Capuchin Holm Oak

This post is also available in: Italiano (Italian)

Quercus ilex (Fagaceae)

This immense holm oak grows on a hill, in the courtyard of the Capuchin convent, probably planted in the years of its foundation (around 1538, when what was left of the former Montevarchi castle was donated to the friars).

The Capuchin holm oak has a trunk circumference of 15.4 ft, a height of 49.2 ft and is over 500 years old. Despite growing so close to a slope, its health conditions are very good, while the roots are well-anchored to the ground.

Almost halfway up the trunk, the tree is split into two main branches which form their own crown: from below, the tree looks heart-shaped.

How to get there:

From the parking lot behind Montevarchi railway station (AR), originate several trails that lead uphill to the Capuchin convent.

Botanical Card

In Italy, this species is most widespread in the Ionian and Tyrrhenian regions, as well as on the major islands, while on the Adriatic side it is found quite sporadically.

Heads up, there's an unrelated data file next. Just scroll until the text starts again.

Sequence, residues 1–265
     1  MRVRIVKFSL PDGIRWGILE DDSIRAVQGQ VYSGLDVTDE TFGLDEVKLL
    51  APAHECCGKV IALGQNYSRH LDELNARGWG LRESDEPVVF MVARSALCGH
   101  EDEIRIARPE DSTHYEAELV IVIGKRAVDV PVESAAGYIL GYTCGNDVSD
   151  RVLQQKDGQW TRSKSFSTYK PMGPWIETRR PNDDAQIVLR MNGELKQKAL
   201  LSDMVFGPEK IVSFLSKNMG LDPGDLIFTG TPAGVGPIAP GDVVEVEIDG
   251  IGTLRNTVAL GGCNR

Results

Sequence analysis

There are two groups of relic trees belonging to warmer periods on the Euganean Hills and around the city of Ferrara.

The northernmost point of growth of the holm oak is in the Carnic Prealps, on vertical cliffs exposed to the south.

The holm oak is an evergreen plant with leathery leaves that form a dark green crown.

The species is xerotolerant, prefers protective shading in the juvenile phase and adapts well to different types of soils but avoids clayey-compact ones with any water stagnation.

The wood is hard and difficult to process and season as it tends to warp and split. It was once used to build tools or parts of farming wagons due to its extreme durability. It can be used as excellent fuel or very good coal.

Photo source:

This post is also available in: Italiano (Italian)


52025 Montevarchi(AR)

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